An increasing number of companies are placing the United Nations Sustainable Development Goals (SDGs) at the core of their business philosophies. The Daiwa Securities Group not only incorporates the SDGs into the underwriting and selling of the green bonds that make up its core business but now also includes businesses across fields not conventionally connected, such as renewable energy and agriculture. We spoke with three Group executives closely involved with promoting SDGs within the Group about the goals and challenges of this new direction.

Daiwa Securities Group Inc.
Creating New Value through Hybrid Products

Keiko Tashiro,
Deputy President, Head of Overseas and SDGs, Daiwa Securities Group Inc.

The SDGs form the core of two strategy plans recently released by Daiwa Securities Group Inc. The Group’s “2030 Vision” outlines the firm’s development targets for the next decade to 2030 while its three-year medium-term management plan starts in 2021. . Keiko Tashiro, Deputy President, Head of Overseas and SDGs, Daiwa Securities Group Inc. provides some perspective, “We feel that the SDGs are essential for creating a solid foundation for management operations that will avoid the impact of market fluctuation.” Daiwa uses the term “hybrid” business to refer to new SDGs-related operations that are quite different from their traditional market businesses . The Group’s plans set targets calling for hybrid businesses to account for 25% of ordinary income for the Group by 2023, and then 35% by2028.

Ruriko Kawanabe,
Head of SDGs Promotion Office, Daiwa Securities Group Inc.

While setting goals, the Group has now been involved in operating SDGs-related businesses for some time. In the field of renewable energy, for example, Daiwa Group is part of more than ten solar and biomass power generation projects located in Japan, and several international locations. Future investment in this field is expected to be expanded from its present level of just under 60 billion yen up to 300 billion yen. The Group is also involved in agriculture, including ventures such as baby leaf salad mixes (mesclun) in Kumamoto prefecture, and tomato farms in Yamagata and Oita prefectures. With life expectancy increasingly lengthening into an era of century-long lives , the Group has branched out into managing facilities for nursing the elderly. Ruriko Kawanabe, Head of the SDGs Promotion Office at Daiwa Securities Group, cautions, “If we do not actively pursue SDGs-oriented business activities, then our evaluation by the market, and by society in general, will fall, having a direct impact on corporate profitability.” That said, recent policies are paying off. Kawanabe feels that the years the Group has spent on SDGs training are finally bearing fruit, adding, “ More and more employees are sending emails directly to the company president outlining proposals for the kinds of SDGs-related business projects they really want to be involved in .”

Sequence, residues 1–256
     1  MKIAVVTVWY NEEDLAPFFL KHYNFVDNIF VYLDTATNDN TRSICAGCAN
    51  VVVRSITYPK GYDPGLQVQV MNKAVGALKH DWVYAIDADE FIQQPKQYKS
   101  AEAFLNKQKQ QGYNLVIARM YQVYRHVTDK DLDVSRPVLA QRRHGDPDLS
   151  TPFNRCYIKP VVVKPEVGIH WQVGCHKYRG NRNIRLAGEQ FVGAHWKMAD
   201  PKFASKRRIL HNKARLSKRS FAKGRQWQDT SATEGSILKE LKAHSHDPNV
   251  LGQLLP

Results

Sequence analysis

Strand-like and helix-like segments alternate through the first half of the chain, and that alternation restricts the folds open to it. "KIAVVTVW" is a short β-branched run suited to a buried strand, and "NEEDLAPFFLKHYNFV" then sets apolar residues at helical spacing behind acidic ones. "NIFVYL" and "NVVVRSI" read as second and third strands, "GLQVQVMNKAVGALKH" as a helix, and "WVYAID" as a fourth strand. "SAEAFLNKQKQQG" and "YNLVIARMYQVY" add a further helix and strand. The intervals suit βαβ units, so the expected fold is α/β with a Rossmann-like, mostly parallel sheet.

Kazushi Shimizu,
Executive Director, Department of Debt Capital Markets, Daiwa Securities Group Inc.

The Group’s core finance business is also excelling as a result of SDGs-related activities. In the area of green bonds, where Daiwa was once the exclusive seller, the company now handles 48% of sales for SDGs-related bonds to individuals. Kazushi Shimizu, Executive Director, Department of Debt Capital Markets, Daiwa Securities Group Inc. is in charge of SDGs bonds and shares his latest ambition for the Group, “I want Daiwa to be the first in Japan to offer COVID-19 bonds, created to generate capital to fight the virus and fuel recovery.” The definition of “green bond” is now expanding as they are used more often by local governments to generate funds for repair, recovery, and revival in the aftermath of typhoons and other disasters, including floods. “This type of application perfectly fits the traditional definition of SDGs, which includes responding to the effects of climate change and extreme weather events,” shares Shimizu.